It’s nice to have more sort-of-good news heading into the weekend. The U.S. economy shed, um, only 539,000 jobs in April, raising the unemployment rate to 8.9 percent. That’s a little better than expected, and as Bloomberg points out, the numbers benefited from 60,000 government hires, many of them to help in conducting the 2010 U.S. census.
There was more bad news about past months’ job contractions in the fine print, however. Per the BLS release: “The change in total nonfarm employment for February was revised from -651,000 to -681,000, and the change for March was revised from -663,000 to -699,000.”
Also in the fine print: confirmation that one consequence of the 5.7 million jobs lost since last fall is that those who still have jobs are working harder than ever. The number of overtime hours worked increased–albeit very slightly–in April for the first time since 2007. Quoth Bloomberg: “The gain in overtime hours, which typically precedes a pickup in hiring, and the return of more Americans to the labor force in hopes of getting work provide the latest evidence that the worst economic slump in at least half a century is abating. Still, economists predict the jobless rate will keep rising and wages may stay depressed even after a recovery begins.”
Robert Reich has been on a hot streak lately at his blog. See especially his posts on the heightened public risk of the post-stress-test world, the auto bailout, and the backstage politics of Obama’s proposal to go after offshore tax havens. In Reich’s view, the latter is a bargaining chip to bring American corporations on board with his health care plan.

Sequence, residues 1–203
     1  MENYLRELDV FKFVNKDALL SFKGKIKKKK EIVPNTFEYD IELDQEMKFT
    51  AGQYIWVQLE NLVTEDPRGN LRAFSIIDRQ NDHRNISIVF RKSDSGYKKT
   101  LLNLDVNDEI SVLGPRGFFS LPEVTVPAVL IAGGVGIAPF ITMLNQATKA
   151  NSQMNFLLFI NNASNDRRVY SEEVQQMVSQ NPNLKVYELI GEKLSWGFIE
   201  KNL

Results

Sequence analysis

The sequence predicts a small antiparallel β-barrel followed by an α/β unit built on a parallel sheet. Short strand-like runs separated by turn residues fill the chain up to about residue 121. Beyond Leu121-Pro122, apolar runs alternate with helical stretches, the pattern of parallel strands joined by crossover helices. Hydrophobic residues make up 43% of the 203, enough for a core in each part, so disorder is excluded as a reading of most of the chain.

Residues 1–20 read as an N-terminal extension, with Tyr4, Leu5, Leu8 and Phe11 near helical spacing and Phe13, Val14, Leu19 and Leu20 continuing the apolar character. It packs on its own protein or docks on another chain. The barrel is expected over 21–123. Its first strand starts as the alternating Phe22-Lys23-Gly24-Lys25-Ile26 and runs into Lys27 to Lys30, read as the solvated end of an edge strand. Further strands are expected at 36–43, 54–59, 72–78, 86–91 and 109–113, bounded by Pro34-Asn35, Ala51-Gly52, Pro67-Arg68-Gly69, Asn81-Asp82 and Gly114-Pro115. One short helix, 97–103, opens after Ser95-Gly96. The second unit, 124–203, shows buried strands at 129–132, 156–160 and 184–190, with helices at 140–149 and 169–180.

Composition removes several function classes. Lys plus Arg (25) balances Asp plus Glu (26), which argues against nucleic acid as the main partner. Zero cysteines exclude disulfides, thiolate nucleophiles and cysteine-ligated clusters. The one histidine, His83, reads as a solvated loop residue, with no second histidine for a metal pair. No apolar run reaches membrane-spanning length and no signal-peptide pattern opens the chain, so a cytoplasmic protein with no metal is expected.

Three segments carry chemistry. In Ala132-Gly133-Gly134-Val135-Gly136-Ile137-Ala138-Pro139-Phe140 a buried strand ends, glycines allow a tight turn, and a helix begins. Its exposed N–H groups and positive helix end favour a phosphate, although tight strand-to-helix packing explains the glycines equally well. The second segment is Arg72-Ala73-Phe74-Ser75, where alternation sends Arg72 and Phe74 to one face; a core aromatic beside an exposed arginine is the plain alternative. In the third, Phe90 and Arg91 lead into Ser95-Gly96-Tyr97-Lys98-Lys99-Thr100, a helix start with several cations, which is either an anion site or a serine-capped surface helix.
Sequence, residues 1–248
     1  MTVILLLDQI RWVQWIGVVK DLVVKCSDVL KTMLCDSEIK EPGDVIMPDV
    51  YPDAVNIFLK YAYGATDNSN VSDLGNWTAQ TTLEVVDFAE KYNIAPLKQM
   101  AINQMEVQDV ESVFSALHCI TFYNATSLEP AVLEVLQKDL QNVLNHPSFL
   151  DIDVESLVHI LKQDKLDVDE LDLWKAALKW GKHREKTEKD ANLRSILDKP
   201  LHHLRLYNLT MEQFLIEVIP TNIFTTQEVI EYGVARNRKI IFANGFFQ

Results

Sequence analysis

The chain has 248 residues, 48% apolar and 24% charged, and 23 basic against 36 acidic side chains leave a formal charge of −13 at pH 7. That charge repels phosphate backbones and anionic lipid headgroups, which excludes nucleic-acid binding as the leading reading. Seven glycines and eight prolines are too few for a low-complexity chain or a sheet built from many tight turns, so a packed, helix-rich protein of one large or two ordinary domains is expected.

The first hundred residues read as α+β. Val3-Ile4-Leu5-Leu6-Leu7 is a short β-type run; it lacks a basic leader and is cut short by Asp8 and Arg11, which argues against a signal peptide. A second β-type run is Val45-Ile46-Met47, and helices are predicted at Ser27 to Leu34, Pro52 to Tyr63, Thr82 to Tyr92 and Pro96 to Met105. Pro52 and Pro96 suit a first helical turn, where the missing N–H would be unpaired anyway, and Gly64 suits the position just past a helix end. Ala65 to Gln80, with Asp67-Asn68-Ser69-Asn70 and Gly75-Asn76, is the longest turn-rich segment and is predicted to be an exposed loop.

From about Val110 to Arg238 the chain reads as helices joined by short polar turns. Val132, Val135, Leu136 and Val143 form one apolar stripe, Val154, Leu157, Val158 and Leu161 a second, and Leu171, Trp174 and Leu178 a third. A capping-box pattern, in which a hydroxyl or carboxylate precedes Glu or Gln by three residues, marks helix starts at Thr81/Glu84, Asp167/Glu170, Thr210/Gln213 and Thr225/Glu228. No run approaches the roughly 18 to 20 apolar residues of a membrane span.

Though it could and should have been much harsher, you should still read the New York Times’ lengthy story about Treasury Secretary Tim Geithner and his many ties to Wall Street from late last week if you haven’t looked at it already.
I linked to the Wall Street Journal essay by Nouriel Roubini and Matthew Richardson a couple of days ago; they have another jointly authored piece about the stress tests in Financial Times: “Insolvent banks should feel market discipline.”
Calculated Risk: Foreclosures: The second wave; Richard Posner (WSJ), Capitalism in Crisis; Bloomberg: Coca Cola, Oracle, Intel use Caymans to avoid taxes; Martin Wolf (FT): Central banks must target more than just inflation; NYT: More states start pension inquiries.